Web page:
Tech Article Title Author Date
Winter Driving "Quattro Cornering & Stopping Tips" Ned Ritchie 1999

On slippery surfaces there is only a limited amount of grip that is available for the tires. The grip can be used for turning, braking, acceleration, and possibly a combination of them. However, on slippery surfaces using a combination of braking, turning or acceleration is only asking for a skid or slide. If you feel your vehicle begin to slide through a turn, you are likely experiencing "understeer." Understeer is usually caused by entering a corner too fast, or by braking while trying to turn, or from excessive acceleration while cornering. To most effectively control your car on a slippery road, and prevent understeer, lower your speed, and only use one aspect of grip control at a time. The proper way to negotiate any curve is as follows:

  1. Brake on the straightaway before the curve, adjusting your speed.
  2. Coast and steer through the turn.
  3. Accelerate only when the road becomes straight again.

In other words while cornering, you should be off the brake and off the accelerator, coasting through the turn and using all available grip for steering. Please note that excessive acceleration in a quattro except when very slippery or with very high power will always create understeering, but you can accelerate a little harder than front or rear wheel drive cars because of the extra acceleration grip available from two more tires. The "unfair advantage." If you're already in a corner and your quattro is not responding to your turning input, (steering seems light) you are understeering. The only way to stop under steering is :

  1. Get off accelerator (Transfers weight to the front tires)
  2. Reduce the amount of steering input. (Straighten the wheels)
  3. Wait, and wait again, for the front wheels to grip again before turning into the corner again.

If you're in that corner and the back end of the quattro seems to be coming around faster than the front is turning you are oversteering. To stop oversteering:

  1. Immediately and quickly input a counter steer (Steer into the direction of the slide)
  2. Add a burst of acceleration (I worry about putting this here as this is only for experienced drivers)
  3. As the car begins to correct it quickly counter steer the other way for 1/2 a second and
  4. Immediately and quickly steer straight or you will be over steering the other direction in a heartbeat
  5. It is better to counter steer twice than to counter steer too long.

Generally on ice and snow quick steering does not have much effect on turning. Therefore when steering you must begin each turn slowly and progressively increase the speed at which you turn the steering wheel as the car begins to turn. The only time to turn the wheels quickly is when correcting for an oversteering situation. I've just described how to negotiate curves safely but perhaps a bit slower than you want to go. What then? The trick is to never allow the car to understeer by creating continuous oversteer and negotiate curves and corners with the throttle and brake.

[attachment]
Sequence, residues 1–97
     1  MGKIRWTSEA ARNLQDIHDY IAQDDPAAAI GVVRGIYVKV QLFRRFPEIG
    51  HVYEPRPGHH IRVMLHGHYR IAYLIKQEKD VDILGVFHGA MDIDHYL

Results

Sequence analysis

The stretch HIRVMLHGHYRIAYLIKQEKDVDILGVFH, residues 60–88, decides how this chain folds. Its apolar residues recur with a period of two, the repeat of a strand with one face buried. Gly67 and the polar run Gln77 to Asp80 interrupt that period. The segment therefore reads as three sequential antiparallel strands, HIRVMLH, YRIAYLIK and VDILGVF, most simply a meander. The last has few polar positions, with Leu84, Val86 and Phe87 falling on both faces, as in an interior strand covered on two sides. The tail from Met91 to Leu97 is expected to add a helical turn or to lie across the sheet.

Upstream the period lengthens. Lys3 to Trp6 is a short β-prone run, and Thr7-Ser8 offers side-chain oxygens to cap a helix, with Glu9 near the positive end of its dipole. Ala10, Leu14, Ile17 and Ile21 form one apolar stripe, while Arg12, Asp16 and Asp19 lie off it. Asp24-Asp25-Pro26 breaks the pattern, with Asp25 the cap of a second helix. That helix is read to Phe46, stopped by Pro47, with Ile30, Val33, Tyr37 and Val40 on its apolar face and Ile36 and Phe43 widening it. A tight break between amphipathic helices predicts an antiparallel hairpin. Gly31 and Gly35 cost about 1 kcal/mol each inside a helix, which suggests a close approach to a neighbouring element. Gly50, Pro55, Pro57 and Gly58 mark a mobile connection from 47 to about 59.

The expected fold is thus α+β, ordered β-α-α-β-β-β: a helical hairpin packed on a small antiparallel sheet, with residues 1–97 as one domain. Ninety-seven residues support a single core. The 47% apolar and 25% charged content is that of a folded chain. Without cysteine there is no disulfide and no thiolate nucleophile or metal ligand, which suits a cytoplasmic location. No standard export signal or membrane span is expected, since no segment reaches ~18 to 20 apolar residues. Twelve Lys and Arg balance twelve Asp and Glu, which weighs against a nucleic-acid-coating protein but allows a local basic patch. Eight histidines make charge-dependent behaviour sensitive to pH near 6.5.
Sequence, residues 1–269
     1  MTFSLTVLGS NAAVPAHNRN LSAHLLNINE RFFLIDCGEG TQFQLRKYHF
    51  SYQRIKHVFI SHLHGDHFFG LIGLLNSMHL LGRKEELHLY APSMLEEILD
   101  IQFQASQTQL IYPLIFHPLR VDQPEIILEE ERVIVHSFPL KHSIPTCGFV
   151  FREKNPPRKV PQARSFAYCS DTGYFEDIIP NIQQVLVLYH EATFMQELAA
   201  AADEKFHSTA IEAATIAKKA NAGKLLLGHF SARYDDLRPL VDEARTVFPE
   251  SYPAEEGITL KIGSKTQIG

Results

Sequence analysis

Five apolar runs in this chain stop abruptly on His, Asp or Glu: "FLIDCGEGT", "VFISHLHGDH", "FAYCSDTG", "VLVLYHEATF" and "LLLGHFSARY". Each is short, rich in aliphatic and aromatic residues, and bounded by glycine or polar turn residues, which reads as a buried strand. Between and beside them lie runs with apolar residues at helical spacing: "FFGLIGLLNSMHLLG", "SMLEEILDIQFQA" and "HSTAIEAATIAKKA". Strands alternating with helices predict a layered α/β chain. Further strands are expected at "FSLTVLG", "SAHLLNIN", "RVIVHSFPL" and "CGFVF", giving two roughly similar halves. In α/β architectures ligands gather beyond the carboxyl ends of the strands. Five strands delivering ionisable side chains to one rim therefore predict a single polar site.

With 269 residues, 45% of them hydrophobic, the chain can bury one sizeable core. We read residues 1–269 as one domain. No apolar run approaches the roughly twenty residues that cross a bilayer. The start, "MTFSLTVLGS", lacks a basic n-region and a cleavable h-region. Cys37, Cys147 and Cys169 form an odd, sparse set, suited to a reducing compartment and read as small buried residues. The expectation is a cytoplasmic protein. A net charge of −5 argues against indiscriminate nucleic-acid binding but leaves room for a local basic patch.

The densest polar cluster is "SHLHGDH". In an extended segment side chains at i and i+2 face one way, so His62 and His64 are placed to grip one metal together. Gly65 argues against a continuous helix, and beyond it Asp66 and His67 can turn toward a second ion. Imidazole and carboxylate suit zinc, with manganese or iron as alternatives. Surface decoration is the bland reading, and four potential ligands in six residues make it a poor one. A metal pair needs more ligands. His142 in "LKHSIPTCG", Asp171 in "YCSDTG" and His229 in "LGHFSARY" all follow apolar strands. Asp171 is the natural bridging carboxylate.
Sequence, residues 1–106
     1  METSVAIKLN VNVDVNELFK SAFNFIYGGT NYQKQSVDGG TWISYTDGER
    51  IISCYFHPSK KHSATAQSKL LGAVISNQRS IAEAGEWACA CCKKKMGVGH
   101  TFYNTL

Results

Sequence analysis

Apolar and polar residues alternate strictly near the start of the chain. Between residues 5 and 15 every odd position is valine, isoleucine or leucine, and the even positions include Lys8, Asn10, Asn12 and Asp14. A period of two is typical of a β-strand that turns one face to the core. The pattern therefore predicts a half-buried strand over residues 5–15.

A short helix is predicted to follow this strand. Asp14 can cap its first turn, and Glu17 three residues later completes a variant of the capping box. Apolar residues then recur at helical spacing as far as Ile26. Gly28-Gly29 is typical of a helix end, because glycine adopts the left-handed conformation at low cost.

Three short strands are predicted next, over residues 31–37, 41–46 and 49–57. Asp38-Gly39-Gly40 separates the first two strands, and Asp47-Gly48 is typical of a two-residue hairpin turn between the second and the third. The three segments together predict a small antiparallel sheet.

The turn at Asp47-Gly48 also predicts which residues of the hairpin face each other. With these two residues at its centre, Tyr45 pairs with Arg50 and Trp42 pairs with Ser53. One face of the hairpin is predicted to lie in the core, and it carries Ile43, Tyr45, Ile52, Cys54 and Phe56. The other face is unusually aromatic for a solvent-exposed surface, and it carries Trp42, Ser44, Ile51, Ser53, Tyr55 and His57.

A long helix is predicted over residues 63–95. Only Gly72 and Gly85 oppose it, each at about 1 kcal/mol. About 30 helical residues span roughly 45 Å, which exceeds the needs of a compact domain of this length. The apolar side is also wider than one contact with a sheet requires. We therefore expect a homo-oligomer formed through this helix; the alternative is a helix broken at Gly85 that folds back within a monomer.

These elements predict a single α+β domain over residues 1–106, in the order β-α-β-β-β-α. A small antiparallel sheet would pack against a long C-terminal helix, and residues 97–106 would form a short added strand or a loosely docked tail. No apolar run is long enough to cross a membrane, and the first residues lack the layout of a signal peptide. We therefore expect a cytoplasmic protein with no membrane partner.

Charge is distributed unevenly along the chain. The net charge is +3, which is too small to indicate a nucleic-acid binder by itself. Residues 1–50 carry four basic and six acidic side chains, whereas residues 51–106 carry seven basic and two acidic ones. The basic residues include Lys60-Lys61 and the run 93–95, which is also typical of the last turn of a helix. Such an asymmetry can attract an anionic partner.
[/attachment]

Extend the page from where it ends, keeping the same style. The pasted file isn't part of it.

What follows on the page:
Stopping and reducing speed in an emergency with ABS

To stop or reduce speed in a straight line get on brakes very hard. Don't wait. The first few feet are very important. Use your leg muscles. Your ankle is not strong enough! You have to press on the brake pedal with at least 88 pounds of pressure. If you press with less that than 88 pounds you may feel the ABS working, but it is only working on the rear wheels. You have not reached the maximum braking with the front wheels yet. This minimum brake pressure is absolutely required for maximum stopping power! Simultaneously disengage the clutch so that you do not have to stop the rotating mass of the transmission and drive train. Keep pressing hard and steer. Audi's new version 5 ABS is better than the previous three channel systems. The new version 5 has a quicker pulsing action, front to rear and lateral loading detection, plus 50 percent of the braking is now applied to the rear wheels instead of the 30 percent in earlier systems. Just nail the brakes and the clutch, hang on, and steer.

When do you turn off ABS?

On some quattros you can turn the ABS off. For those who can there are only two times when you should turn the ABS off:

  1. There is compact snow or ice with fresh slippery snow on top
  2. A loose gravel-covered road in contrast from simply a gravel road

If your quattro is without ABS keep the clutch engaged to possibly keep the wheels from locking up. However, with the clutch engaged you could kill the engine and loose your power steering. Remember you must come off the brakes to turn. In other words only when you are going straight ahead brake as hard as you can. Hold the brakes on to the last moment, come off the brakes, turn the steering wheel with progressive increase in speed to change direction, immediately correct the counter slide you created, come back to straight, and nail the brakes again when going straight.




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